What Paul is most concerned about is that the good news of Jesus gets preached. This is his passion and it defines his identity to such an extent that he says that he’ll do whatever is necessary to recruit Jews and Gentiles, strong and weak, into the body of Christ. Therefore, he will become “all things to all people, so that I can save some by all possible means” (1 Cor. 9:22). What guides him in this course of action is the Law of Christ, which Jesus identifies as having two planks: love God with all your being, and love your neighbor as you love yourself.
Paul has offered his answer to the question of who he is in Christ? But the question for us is: who am I in Christ? What is Christ compelling me to be and to do?
Knowing who you are as a person helps answer the question of who you are in Christ. Paul has a strong sense of purpose. Perhaps that Damascus Road experience imprinted on him a sense of calling that he couldn’t get away from.
Although you may not have had a Damascus Road experience, or like Augustine heard a voice saying to you: “Pick it up and Read,” which led you to pick up Paul’s letter to the Romans, perhaps a still small voice has spoken to you, inviting you to respond to the gospel of Jesus Christ, and you have responded – Here I am, send me.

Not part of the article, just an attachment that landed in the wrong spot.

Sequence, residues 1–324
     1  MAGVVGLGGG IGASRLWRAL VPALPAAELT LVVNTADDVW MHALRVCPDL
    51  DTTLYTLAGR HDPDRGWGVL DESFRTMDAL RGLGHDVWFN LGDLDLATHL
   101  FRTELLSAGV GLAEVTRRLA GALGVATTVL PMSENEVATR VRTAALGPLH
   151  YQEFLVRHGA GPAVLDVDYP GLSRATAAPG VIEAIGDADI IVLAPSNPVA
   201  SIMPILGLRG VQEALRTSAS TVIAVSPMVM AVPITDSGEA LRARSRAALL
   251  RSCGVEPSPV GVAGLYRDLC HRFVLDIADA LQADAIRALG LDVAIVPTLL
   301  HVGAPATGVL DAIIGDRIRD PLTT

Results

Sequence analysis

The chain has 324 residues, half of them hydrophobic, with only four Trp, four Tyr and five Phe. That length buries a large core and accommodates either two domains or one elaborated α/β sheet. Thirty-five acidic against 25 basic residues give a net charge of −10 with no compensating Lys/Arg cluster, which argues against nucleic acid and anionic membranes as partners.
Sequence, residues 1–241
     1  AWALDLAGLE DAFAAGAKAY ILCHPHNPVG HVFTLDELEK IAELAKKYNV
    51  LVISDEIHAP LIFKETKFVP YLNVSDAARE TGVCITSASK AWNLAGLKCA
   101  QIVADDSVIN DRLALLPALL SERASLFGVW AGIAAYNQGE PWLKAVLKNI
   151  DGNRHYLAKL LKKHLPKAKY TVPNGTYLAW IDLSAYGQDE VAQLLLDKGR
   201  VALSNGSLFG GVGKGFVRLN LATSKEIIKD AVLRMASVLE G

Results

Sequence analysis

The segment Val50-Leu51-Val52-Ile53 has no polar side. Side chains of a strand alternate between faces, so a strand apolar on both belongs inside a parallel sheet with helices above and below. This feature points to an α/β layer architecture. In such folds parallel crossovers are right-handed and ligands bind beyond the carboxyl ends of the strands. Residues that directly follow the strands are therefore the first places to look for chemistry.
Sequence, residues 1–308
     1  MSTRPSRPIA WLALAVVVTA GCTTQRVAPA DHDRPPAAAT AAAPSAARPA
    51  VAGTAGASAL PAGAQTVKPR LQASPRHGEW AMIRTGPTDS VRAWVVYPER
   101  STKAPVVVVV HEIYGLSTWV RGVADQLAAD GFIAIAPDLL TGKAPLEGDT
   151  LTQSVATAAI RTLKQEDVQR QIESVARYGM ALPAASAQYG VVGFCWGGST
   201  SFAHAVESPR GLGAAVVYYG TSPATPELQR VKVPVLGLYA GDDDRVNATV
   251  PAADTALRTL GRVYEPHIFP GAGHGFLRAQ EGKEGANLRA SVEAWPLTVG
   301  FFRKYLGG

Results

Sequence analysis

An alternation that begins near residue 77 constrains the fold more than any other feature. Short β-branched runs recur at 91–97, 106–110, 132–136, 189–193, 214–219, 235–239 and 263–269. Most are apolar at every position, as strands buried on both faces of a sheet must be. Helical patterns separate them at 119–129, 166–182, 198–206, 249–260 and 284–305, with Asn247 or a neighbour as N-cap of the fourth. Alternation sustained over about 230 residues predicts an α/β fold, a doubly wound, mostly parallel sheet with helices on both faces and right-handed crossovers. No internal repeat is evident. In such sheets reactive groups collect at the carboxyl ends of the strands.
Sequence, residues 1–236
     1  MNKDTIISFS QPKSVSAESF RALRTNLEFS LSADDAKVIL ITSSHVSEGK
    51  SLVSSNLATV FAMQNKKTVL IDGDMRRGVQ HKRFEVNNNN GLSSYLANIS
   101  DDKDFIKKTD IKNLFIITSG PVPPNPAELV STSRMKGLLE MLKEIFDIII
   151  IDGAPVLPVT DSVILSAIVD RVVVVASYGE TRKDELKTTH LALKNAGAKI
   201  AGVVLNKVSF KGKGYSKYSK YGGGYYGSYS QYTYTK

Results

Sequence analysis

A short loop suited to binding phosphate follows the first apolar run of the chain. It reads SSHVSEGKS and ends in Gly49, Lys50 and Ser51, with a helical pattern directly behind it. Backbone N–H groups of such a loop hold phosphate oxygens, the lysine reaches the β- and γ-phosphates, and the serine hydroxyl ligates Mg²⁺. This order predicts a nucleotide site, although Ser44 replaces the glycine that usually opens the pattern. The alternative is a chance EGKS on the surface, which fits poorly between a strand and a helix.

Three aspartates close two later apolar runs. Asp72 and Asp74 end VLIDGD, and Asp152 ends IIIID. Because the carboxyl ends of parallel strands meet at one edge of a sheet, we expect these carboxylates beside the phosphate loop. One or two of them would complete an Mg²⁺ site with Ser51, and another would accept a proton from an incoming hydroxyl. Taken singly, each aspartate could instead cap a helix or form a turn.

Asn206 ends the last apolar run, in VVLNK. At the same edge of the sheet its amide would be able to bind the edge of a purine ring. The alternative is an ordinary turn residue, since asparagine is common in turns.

As we think about this question of identity in Christ, I’d like to suggest four possible markers of identity. Although I’m not a fan of using acronyms and acrostics in sermons, I think that the words Disciple, Inclusive, Sharing, and Healing are good defining words of Christian identity. So, when you think of your identity – think DISH.
I realize the word DISH has no theological meaning, but maybe it will help us remember this definition of our identity: We are Disciples of Jesus who seek to be inclusive of all people as we share the good news of Jesus Christ and engage in healing ministry.
We are DISCIPLES of Jesus
We are disciples of Jesus, which means that we are marked by our allegiance to him. As the revelation of God for us, he defines who we are and what we do through his life and teachings. We may not have had the luxury of personally walking with Jesus, but the gospels serve as our guide, and the Spirit of God empowers us to live this life of discipleship in the world.